How to clean brickwork

Buildings can get dirty, just like any other surface. The dirt on buildings is primarily caused by environmental factors such as weather conditions and pollution from automobiles. Dirt is unwanted material that accumulates on top of a material. Understanding the dirt, its purpose, and the impact of removing it is crucial.

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Before you begin cleaning a structure, it’s important to determine whether the building can be safely cleaned. This requires that you have a thorough understanding of the dirt as well as the materials the dirt is adhered to. You should consider the history of the building and whether or not the removal will affect the masonry. Even the simplest of buildings may have a different mortar than the stone. Many historic buildings are made up of a mixture of materials, often from different periods in their history.

One type of cleaning will not work for all stones, bricks, and other building materials. Many times, the wrong cleaning method is used to clean all surfaces of a structure regardless of the material. The same goes for all buildings made of the same materials, no matter where they are located. For more information on Industrial Cleaning Services Gloucestershire, contact Into Cleaning

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You may have noticed that your bricks are stained with oil or mould. You can remove these if they are unsightly. Here are the most common problems with masonry cleaning and their solutions:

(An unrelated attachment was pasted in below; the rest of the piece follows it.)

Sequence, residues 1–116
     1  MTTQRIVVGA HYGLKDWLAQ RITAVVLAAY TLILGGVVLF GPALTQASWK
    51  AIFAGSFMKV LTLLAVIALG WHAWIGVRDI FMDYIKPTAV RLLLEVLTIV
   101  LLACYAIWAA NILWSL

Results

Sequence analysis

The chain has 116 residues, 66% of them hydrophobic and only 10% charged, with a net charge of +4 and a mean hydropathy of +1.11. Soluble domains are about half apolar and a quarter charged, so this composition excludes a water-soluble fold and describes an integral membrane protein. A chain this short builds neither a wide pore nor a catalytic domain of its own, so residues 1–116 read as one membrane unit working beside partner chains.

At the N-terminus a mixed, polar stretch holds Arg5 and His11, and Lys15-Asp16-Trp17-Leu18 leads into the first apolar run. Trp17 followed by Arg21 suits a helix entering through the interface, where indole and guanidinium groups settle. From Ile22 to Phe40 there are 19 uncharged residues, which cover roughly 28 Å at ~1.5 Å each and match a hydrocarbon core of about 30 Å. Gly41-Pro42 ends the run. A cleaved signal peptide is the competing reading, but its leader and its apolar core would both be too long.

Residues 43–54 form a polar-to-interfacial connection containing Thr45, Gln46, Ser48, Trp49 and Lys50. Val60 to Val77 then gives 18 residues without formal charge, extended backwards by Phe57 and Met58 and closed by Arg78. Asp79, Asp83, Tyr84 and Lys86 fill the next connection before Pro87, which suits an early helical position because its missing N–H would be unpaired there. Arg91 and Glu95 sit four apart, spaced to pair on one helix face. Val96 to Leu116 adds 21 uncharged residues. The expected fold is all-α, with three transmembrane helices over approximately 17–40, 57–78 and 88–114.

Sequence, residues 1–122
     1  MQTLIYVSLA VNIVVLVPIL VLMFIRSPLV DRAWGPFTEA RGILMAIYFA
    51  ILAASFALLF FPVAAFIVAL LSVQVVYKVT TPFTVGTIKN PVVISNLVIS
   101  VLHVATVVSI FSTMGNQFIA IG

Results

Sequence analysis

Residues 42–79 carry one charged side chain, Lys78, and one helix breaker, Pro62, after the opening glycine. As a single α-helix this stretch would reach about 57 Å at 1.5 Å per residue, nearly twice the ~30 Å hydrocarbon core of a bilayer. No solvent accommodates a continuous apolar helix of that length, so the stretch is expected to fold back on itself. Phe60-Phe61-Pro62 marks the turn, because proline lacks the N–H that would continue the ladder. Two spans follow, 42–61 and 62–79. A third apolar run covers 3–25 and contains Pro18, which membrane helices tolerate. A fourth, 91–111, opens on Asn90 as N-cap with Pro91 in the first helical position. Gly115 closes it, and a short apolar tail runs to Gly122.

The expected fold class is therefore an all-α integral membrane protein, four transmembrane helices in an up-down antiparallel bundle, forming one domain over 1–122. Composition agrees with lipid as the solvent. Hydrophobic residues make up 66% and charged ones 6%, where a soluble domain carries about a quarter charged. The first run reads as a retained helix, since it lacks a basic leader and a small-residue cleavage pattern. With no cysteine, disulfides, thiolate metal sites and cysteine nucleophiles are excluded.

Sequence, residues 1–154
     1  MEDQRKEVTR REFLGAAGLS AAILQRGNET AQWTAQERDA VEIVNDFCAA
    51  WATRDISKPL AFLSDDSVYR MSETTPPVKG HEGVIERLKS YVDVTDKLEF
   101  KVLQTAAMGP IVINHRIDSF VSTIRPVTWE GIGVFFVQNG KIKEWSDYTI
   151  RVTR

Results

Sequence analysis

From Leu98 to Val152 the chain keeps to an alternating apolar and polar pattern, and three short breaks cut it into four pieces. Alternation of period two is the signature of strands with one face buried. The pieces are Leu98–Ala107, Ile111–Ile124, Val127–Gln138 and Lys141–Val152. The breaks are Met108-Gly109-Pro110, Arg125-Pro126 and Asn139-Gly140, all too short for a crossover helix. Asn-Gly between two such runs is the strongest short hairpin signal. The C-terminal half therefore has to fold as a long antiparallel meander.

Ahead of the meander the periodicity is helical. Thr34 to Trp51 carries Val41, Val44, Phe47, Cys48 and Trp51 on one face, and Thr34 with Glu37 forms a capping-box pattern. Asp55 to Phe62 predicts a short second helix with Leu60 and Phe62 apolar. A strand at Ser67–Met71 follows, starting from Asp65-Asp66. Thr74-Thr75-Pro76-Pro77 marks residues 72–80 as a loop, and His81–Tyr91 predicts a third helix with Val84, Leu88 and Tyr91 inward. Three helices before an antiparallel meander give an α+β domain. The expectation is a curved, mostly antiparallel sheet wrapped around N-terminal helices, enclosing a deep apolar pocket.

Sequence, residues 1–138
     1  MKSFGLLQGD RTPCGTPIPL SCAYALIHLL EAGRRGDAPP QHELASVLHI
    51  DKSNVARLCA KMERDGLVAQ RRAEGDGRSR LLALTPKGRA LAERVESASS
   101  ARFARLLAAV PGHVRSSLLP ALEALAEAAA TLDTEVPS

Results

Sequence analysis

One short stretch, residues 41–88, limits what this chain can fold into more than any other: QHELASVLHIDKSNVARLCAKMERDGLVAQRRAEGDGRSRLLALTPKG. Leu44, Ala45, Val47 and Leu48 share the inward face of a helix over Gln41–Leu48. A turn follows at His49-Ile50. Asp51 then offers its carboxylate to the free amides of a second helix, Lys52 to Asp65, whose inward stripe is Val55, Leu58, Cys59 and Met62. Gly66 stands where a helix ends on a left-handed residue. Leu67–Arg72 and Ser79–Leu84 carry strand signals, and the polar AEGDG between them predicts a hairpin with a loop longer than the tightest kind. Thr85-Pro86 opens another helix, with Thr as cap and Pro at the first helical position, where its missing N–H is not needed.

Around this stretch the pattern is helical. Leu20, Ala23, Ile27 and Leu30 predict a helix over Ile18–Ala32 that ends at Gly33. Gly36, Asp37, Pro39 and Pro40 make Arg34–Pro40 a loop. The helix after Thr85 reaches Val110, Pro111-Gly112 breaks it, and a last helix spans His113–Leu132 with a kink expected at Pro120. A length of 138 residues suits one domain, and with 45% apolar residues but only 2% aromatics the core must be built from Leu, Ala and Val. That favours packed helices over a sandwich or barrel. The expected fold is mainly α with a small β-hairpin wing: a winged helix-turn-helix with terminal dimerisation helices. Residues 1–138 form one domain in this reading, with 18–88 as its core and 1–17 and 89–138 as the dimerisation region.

• Oils and soot: These are more difficult to remove than mildew or moss because they penetrate deeper into the pores of masonry. To remove this, you will need a muriatic solution consisting of one part acid and nine parts water. Add the muriatic acid to water, apply the solution and let it set for 15 minutes. Then use a bristle toothbrush to clean and rinse the area with fresh water.
  • Fungus and mildew are usually removed by mixing a quarter bottle of household bleach with 1 gallon warm water. The mixture is then applied using a stiff-bristle toothbrush. It’s not the amount of scrubbing that will kill fungus but the strength of the bleach. So give it plenty of time to do its job before you start scrubbing. Fungus spores can remain and grow quickly if you don’t.
  • Paint: You can remove paint by sandblasting, using wash-away or peel-off removers, hand- or electric-wire brushing, muriatic-acid washing, and power-washing.

Sealers can be used to minimise damage caused by salty air or extreme weathering. You should clean your stone and brick thoroughly before sealing them, just as you would concrete.

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